On December 11, 1781, less than two months after the decisive Battle of Yorktown, a musical work titled “The Temple of Minerva, An Oratorial Entertainment” was performed in Philadelphia. Among those in attendance were Anne-César De la Luzerne, the French Ambassador to the United States; General and Martha Washington and General Nathanael Greene; and Hopkinson, the composer of the work. Originally titled “America Independent,” the work was a “dramatic allegorical cantata,” in the words of musical historian Oscar Sonneck, who called Hopkinson “America’s first poet-composer.”
Set in front of the Temple of Minerva (the goddess of wisdom), the cantata’s three male figures—the Genius of France, the Genius of America, and the High Priest of Minerva—prayed for the goddess to appear and make a prediction about the new nation of Columbia. When she made her entrance in Act II, Minerva predicted that a happy state would repay all of Columbia’s grief, and that if her sons would stand united, “great and glorious shall she be.”
The outcome of the war was still very much in doubt when Hopkinson composed “The Temple of Minerva,” which gave its cautiously optimistic words an even sweeter ring when performed before the victorious generals. But while a review in The Freeman’s Journal the following week said that the performance “afforded the most sensible pleasure,” the Tory response can be gleaned from a parody published in the January 5, 1782 issue of the Royal Gazette: “The Temple of Cloacina: An Ora-whig-ial Entertainment.” In that version—which consisted of a severely pencil-edited copy of the original—the temple was an outhouse. In a lengthy 1976 article for the Proceedings of the American Philosophical Society, musicologist Gillian B. Anderson described the entire parody as shockingly obscene.
Hopkinson himself told Benjamin Franklin that “The Temple of Minerva” was “not very elegant Poetry, but the Entertainment consisted in the Music & went off very well.” Since the music consisted of works by Handel and other composers as well as his own, he explained, he had to tailor his lines around their works. “In short, the Musician crampt the Poet.”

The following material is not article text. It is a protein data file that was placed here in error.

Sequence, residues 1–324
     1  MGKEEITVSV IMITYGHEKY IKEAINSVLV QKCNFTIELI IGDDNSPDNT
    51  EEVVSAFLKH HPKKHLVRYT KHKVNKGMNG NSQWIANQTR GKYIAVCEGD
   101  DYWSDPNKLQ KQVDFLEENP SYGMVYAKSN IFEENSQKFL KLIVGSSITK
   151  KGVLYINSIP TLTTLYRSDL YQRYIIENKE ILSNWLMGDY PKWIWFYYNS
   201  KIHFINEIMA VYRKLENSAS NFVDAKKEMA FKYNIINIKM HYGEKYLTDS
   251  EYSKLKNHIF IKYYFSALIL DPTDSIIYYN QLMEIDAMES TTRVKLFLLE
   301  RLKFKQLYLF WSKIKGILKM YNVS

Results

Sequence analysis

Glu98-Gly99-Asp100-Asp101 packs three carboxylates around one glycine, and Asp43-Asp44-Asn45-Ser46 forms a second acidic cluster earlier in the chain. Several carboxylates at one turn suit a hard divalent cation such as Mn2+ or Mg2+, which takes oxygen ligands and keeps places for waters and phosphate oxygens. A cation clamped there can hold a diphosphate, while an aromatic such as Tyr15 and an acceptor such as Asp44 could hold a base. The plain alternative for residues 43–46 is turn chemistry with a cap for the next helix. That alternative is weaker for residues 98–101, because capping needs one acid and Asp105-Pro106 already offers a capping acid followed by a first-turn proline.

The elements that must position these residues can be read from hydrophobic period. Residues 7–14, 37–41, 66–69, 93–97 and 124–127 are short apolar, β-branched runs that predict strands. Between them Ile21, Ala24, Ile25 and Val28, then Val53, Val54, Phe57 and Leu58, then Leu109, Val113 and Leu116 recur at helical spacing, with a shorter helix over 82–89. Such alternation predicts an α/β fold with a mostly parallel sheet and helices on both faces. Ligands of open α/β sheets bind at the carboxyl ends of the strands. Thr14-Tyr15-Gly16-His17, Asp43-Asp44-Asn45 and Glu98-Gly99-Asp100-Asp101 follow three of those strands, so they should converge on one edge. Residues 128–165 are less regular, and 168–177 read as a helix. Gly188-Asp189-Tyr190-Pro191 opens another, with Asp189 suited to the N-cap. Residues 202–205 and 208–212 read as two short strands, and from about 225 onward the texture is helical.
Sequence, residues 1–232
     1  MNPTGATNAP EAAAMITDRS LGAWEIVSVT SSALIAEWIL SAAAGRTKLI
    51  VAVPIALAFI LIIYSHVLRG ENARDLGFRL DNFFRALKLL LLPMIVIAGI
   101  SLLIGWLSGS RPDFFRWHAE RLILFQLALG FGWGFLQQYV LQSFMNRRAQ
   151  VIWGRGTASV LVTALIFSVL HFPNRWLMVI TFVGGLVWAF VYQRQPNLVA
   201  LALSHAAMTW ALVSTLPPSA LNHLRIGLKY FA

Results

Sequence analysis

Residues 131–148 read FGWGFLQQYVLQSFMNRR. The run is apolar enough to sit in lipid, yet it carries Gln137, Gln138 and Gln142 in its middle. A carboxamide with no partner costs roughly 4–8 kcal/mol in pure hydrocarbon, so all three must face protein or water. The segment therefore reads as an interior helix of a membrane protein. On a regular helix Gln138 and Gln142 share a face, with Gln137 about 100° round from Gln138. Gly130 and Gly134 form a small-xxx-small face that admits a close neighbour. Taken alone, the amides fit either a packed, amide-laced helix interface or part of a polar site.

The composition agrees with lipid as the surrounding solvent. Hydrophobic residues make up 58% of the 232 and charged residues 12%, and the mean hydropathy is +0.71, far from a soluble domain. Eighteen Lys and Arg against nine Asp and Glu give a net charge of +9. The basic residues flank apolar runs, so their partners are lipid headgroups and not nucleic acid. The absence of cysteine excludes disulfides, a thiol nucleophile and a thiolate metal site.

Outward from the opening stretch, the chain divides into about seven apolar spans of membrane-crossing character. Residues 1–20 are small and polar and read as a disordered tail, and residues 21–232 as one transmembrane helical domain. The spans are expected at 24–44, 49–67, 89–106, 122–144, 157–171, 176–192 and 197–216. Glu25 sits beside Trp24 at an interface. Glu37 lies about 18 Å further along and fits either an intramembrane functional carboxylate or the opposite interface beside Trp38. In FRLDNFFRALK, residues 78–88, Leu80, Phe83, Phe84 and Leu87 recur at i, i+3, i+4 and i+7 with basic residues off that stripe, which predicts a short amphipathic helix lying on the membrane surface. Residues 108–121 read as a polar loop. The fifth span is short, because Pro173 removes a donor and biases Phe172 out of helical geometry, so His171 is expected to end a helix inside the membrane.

Whatever the critical assessments of Hopkinson’s music, we know that it sometimes had a strong effect on listeners. When he sent a collection of his popular songs to Thomas Jefferson, then the US Ambassador to France, Jefferson responded that “while my elder daughter was playing [one song] on the harpsichord, I happened to look toward the fire, & saw the younger one all in tears. I asked her if she were sick? She said, ‘No; but the tune was so mournful.’”
Hopkinson later sent a copy of his song book to Washington, with the following comment:
However small the Reputation may be that I shall derive from this Work, I cannot, I believe, be refused the Credit of being the first Native of the United States who has produced a Musical Composition. If this attempt should not be too severely treated, others may be encouraged to venture on a path, yet untrodden in America, and the Arts in succession will take root and flourish amongst us.
Washington’s answer was both generous and diplomatic. While he himself could “neither sing one of the songs, nor raise a single note on any instrument to convince the unbelieving,” he wrote, he could offer “one argument which will prevail with persons of true taste (at least in America)—I can tell them that it is the production of Mr. Hopkinson.”
Hopkinson’s contributions to the American cause didn’t end with the Revolution. By the crucial year of 1787, he had become a firm Federalist. In that arena, true to form, he’s probably best known for “The New Roof,” the allegorical essay and poem he wrote about replacing the Articles of Confederation with a new constitution. (The poem was originally titled “The Raising: A New Song for Federal Mechanics.”)
The gist of the prose version goes like this: Despite being only 12 years old, the “roof of a certain mansion house” had decayed so badly that it could no longer provide protection from the weather. When a group of “skillful architects” examined it, they found that the “whole frame was too weak”; that its 13 rafters were “not connected by any braces or ties so as to form a union of strength”; that “some of these rafters were thick and heavy, and others very slight”; that the “lathing and shingling had not been secured with iron nails but only wooden pegs,” which would shrink and swell in the sun and rain—causing the shingles to become “so loose that many of them had been blown away by the winds.” Finally, the roof was “so flat as to admit the most idle servants in the family, their playmates and acquaintances, to trample upon and abuse it.”
In order to build a new and better roof, the architects “consulted the most celebrated authors in ancient and modern architecture” and tried to “proportion the whole to the size of the building and strength of the walls.” (The validity of his imagery is still debated; in a recent essay titled “A Roof without Walls: The Dilemma of an American National Identity,” historian John Murrin wrote: “Francis Hopkinson to the contrary, Americans had erected their constitutional roof before they put up the national walls.” But that’s another story.)
“The New Roof” was widely read and well received in its day—though again true to form, Hopkinson’s potshots at the Anti-Federalist camp (too complicated to go into here) sparked some return fire. One opponent called him a “base parasite and tool of the wealthy and great, at the expense of truth, honor, friendship,” and added: “Little Francis should have been cautious in giving provocation, for insignificance alone could have preserved him the smallest remnant of character.”
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